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Researchers examine cost-effectiveness of implantable defibrillators and amiodarone medication

Heart attack victims who survive to leave the hospital have a 5 to 10 percent risk of dying suddenly within the next 12 months. Use of amiodarone medication or implantable cardioverter defibrillators (ICDs) to prevent ventricular arrhythmias in heart attack patients with severely depressed functioning of the heart's left ventricle may extend their lives, according to a study supported by the Agency for Healthcare Research and Quality (HS08362). The researchers examined how the efficacy of these prophylactic interventions would affect their cost-effectiveness.

This assessment, based on a theoretical model, highlights the importance of ongoing clinical trials of ICDs and amiodarone in patients who have had heart attacks, note Gillian D. Sanders, Ph.D., lead author, and Mark A. Hlatky, M.D., principal investigator, both of Stanford University. Their model was based on estimated survival, cardiac death, and inpatient costs included in the Myocardial Infarction, Triage, and Intervention Registry, as well as data derived from research studies. They compared the effects of ICD or amiodarone to no treatment for extending life years, quality-adjusted life years (QALYs), costs, and cost-effectiveness for patients who had previously suffered a heart attack but had not experienced sustained ventricular arrhythmia.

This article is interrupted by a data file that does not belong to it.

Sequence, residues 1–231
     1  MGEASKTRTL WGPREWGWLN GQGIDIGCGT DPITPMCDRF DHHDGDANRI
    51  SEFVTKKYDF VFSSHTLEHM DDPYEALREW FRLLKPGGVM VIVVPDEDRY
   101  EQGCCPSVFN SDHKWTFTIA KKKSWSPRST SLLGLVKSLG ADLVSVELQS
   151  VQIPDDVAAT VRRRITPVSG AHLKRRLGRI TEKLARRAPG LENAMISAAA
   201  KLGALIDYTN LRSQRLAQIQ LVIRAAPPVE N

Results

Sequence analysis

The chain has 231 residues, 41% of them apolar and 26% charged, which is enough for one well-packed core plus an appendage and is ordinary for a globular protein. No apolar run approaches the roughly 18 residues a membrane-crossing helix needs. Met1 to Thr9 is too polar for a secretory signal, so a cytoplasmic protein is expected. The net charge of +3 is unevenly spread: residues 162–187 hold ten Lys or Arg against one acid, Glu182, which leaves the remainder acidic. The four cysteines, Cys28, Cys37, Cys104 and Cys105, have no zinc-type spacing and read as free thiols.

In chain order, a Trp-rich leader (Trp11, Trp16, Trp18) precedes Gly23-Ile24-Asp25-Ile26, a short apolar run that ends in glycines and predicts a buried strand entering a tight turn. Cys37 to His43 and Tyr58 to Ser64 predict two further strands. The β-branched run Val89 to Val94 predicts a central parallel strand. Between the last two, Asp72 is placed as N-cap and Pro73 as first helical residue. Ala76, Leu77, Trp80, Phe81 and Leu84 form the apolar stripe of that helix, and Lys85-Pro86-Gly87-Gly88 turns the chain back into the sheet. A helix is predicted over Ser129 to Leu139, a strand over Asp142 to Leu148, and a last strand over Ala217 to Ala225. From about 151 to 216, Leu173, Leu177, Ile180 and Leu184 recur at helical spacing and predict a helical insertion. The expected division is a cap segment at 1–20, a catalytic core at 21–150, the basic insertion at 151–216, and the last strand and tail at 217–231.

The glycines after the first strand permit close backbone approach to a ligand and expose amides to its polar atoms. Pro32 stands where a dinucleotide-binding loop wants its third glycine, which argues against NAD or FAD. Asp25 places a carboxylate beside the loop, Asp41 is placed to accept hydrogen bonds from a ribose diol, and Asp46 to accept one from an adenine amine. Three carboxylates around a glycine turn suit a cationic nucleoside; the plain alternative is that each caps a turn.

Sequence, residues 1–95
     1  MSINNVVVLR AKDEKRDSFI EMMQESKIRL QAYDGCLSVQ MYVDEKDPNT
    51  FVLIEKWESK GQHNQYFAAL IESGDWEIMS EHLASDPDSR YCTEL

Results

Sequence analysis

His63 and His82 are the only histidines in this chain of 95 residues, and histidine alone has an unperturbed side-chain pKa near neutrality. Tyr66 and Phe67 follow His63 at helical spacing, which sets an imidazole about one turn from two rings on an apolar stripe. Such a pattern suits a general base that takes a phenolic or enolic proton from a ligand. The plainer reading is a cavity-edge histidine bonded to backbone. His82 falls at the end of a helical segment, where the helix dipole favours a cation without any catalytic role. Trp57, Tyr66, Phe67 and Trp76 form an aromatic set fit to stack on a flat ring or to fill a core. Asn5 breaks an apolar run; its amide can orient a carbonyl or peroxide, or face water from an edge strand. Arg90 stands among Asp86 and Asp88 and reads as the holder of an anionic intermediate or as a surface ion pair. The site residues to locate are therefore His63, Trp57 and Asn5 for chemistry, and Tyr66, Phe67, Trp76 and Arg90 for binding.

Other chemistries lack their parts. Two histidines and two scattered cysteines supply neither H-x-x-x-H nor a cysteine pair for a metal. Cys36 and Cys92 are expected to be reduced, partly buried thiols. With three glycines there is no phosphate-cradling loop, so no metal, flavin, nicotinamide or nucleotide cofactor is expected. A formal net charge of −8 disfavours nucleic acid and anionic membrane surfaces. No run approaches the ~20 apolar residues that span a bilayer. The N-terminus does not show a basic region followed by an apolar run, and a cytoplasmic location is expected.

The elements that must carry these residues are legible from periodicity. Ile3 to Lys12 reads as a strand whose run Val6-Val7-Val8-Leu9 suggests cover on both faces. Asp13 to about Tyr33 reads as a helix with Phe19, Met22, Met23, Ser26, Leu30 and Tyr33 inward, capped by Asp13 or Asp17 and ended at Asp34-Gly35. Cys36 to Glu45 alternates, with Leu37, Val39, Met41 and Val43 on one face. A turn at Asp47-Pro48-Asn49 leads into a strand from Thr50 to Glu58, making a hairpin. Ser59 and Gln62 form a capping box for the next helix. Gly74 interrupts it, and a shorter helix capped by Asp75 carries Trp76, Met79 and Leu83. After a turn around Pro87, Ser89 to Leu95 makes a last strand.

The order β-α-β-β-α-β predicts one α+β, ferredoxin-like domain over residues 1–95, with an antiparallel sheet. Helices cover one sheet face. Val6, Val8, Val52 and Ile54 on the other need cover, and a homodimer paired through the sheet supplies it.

Compared with no treatment, ICD use was predicted to lead to the greatest gains in QALYs and the highest expenditures. Amiodarone use would result in intermediate QALYs and costs. With $75,000/QALY taken as the criterion, ICDs or amiodarone would be cost effective compared with no therapy in patients with severely depressed left ventricular function as long as ICDs reduced arrhythmic death by 50 percent, and amiodarone reduced total death by 7 percent. Neither approach seemed likely to be cost effective in patients with well-preserved ventricular function, unless amiodarone were to be extremely effective in reducing total mortality (greater than 15 percent). Amiodarone generally would be more cost effective than the ICD.

See "Potential cost-effectiveness of prophylactic use of the implantable cardioverter defibrillator or amiodarone after myocardial infarction," by Dr. Sanders, Dr. Hlatky, Nathan R. Every, M.D., and others, in the November 2001 Annals of Internal Medicine 135, p. 870-883.

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